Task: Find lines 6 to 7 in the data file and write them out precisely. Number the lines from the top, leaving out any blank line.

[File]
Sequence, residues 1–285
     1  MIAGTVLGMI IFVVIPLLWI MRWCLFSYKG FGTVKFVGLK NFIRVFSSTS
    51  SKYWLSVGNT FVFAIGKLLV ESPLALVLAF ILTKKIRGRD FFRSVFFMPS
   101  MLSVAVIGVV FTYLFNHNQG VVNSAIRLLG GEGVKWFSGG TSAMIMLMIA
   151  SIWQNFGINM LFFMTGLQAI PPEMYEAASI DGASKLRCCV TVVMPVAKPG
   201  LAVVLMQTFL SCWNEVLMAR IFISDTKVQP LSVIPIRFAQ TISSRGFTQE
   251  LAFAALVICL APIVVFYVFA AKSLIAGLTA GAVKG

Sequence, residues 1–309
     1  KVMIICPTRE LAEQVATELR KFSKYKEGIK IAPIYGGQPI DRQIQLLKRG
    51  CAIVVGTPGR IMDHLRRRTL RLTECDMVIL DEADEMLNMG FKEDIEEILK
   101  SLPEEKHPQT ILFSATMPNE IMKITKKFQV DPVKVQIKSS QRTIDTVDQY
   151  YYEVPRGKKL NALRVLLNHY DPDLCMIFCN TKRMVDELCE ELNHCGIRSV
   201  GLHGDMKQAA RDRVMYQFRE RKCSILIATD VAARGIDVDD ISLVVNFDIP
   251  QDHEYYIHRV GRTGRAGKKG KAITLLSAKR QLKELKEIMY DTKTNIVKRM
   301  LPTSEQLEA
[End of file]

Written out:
   201  LAVVLMQTFL SCWNEVLMAR IFISDTKVQP LSVIPIRFAQ TISSRGFTQE
   251  LAFAALVICL APIVVFYVFA AKSLIAGLTA GAVKG